For many dog owners, the question of “when should I replace my dog’s collar?” is likely to be a familiar one. This may seem fairly obvious, particularly if the collar is very worn or damaged. But there are other things to consider too. Below we discuss some of the key reasons you should consider when it’s time to change your dog’s collar.
1. Consider the training needs of your dog
The type of activities you do with your dog will determine what style of collar or lead is required. Short strolls along Park Lane may warrant a more decorative collar and lead. But if your walks are longer and more arduous then you definitely want a collar and lead that provide comfort. And that’s comfort for both dog and owner. You may find some cheaper nylon or leather collars/leads cut into your hand. So it’s worth remembering that this could be what your dog feels around its neck. If your collar starts to wear easily after longer use, then it is time to change.
The type of dog and its behaviour may also signal time to replace your dog’s collar. For instance, if you need more control and flexibility while walking, then a training lead may be the perfect choice. A training lead gives you the opportunity to shorten or lengthen the lead alongside extra clips. They also offer the option of hands free walking.
2. Has your dog grown or lost weight?
As well as thinking about what activities your dog takes part in, think also about your dog’s age. During the first two years of your dog’s life this is very important. As your dog matures from puppy to adult their size and possibly shape will change . A simple rule of thumb is to see if you can get two fingers under the dog’s collar. If you can’t, then it is probably too small. If you can comfortably get more than two fingers under then it is probably too big. There is a risk that it may come off.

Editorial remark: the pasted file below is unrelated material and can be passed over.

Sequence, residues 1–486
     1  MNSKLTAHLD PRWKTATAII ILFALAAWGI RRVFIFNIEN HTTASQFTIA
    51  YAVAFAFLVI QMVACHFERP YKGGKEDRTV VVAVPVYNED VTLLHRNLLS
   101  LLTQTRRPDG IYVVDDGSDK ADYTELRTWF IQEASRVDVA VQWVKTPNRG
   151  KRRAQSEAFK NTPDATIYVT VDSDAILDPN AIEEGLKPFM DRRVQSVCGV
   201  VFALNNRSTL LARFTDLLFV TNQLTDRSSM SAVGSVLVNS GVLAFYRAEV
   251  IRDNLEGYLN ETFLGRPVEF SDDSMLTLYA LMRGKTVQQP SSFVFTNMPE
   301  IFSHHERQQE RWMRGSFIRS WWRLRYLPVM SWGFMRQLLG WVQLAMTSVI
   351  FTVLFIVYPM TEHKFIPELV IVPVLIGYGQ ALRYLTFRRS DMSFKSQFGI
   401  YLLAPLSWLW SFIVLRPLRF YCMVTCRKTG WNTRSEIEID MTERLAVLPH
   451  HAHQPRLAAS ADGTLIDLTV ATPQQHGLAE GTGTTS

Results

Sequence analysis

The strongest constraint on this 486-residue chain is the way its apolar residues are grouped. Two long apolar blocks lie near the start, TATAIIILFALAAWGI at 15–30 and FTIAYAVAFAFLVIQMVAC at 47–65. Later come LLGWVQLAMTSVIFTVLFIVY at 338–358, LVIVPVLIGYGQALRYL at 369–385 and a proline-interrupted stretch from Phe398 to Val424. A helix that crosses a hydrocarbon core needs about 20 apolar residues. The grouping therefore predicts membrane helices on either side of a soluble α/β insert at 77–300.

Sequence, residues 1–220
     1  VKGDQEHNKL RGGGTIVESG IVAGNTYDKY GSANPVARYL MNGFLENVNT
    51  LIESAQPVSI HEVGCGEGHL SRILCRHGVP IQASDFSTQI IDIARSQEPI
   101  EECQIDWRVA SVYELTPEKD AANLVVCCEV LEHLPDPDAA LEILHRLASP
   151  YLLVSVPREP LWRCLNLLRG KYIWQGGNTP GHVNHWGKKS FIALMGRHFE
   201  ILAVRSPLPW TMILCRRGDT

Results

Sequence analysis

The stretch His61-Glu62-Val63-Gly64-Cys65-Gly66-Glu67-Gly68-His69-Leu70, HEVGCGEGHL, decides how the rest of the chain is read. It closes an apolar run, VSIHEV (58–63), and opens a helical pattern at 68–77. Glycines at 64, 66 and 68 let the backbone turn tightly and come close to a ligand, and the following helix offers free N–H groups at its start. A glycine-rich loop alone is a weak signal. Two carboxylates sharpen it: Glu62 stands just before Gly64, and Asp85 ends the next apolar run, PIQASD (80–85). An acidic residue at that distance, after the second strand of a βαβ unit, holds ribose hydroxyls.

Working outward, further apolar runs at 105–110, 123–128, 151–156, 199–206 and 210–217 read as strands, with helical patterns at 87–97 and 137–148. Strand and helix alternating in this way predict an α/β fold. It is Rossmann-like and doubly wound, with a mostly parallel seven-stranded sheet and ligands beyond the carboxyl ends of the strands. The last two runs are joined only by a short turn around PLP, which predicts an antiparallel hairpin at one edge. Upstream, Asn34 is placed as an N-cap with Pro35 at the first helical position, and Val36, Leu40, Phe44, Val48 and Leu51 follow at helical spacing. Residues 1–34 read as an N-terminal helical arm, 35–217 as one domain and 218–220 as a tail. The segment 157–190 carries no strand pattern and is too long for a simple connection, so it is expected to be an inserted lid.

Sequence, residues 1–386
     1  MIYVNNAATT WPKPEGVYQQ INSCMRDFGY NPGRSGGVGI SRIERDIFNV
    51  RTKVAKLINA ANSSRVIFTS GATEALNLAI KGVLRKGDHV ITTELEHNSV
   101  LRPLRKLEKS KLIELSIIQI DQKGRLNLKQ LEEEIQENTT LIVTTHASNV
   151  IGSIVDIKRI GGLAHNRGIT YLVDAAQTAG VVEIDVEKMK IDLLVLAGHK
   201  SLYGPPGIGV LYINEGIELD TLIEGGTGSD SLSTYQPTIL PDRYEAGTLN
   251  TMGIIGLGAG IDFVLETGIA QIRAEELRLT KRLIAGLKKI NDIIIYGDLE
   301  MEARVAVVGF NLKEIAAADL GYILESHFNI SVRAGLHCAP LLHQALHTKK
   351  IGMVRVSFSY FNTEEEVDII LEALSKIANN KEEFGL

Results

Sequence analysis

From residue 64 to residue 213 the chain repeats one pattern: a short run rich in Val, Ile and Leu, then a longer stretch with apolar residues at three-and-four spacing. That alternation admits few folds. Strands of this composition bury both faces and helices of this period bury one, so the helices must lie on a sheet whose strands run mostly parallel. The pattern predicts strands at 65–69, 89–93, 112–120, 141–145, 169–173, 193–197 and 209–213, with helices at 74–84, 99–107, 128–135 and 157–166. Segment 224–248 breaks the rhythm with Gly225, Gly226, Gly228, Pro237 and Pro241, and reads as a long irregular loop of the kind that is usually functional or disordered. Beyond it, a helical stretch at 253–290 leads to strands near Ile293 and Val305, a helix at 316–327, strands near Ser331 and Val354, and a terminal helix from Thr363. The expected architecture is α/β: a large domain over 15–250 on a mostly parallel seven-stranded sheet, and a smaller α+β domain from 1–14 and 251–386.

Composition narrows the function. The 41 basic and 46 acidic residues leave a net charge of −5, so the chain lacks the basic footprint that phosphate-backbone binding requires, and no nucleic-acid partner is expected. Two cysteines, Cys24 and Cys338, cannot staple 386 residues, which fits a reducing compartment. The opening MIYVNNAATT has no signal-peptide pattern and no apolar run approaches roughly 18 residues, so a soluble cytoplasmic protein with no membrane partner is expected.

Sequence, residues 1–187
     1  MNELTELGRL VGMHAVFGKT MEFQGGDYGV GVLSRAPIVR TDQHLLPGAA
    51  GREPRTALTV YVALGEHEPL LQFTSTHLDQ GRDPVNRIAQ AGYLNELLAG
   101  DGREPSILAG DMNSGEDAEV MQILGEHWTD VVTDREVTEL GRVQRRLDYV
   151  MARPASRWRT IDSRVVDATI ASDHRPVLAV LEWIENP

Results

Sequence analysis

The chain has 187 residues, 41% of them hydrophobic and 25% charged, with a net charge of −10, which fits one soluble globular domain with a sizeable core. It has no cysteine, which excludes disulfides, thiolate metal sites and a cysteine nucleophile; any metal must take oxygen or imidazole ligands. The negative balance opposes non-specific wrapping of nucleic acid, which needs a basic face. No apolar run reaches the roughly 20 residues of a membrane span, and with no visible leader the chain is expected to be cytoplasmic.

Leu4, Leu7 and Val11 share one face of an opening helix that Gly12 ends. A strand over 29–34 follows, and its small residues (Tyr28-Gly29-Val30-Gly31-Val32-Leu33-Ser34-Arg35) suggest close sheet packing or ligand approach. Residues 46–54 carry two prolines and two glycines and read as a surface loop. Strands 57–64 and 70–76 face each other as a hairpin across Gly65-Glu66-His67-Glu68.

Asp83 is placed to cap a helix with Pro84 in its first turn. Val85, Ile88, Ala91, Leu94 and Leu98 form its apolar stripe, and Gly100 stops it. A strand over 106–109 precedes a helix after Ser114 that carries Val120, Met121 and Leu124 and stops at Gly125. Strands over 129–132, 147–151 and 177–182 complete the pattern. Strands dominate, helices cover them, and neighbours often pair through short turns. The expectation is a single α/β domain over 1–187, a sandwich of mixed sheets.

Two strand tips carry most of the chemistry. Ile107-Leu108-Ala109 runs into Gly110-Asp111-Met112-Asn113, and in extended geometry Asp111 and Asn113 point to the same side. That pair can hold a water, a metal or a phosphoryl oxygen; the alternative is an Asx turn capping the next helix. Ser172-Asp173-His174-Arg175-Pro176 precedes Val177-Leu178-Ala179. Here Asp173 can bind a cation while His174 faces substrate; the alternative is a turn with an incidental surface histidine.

This doesn’t just apply to puppies in their early years. It also applies to fully grown dogs that, like us, put on and also lose weight! A quick check is much better than finding out when a collar comes off.
3. Signs of wear and tear
You should always check your dog’s collar for any signs of wear and tear. Fabric and nylon collars may become frayed over time. Any fraying is a sure sign that the dog collar may need changing. Never wait for the moment the collar breaks as this could be life threatening.
Be aware of the material your dog collar is made of. For example, leather collars are not very water friendly. If they get constantly wet, you may start to see structural changes that could be weakening the leather.
Checking the hardware on the collar is also very important. If you see any signs of rusting make sure the metal work still holds. Buying collars from reputable retailers and brands should ensure you have a quality product. Check out other customers reviews to see what people say about their products. You can find our Trustpilot reviews here.
Alternatively, if you are changing your dog’s collar, consider whether a harness would be a good investment also. A harness is great for avoiding too much strain on the neck if your dog is a puller.
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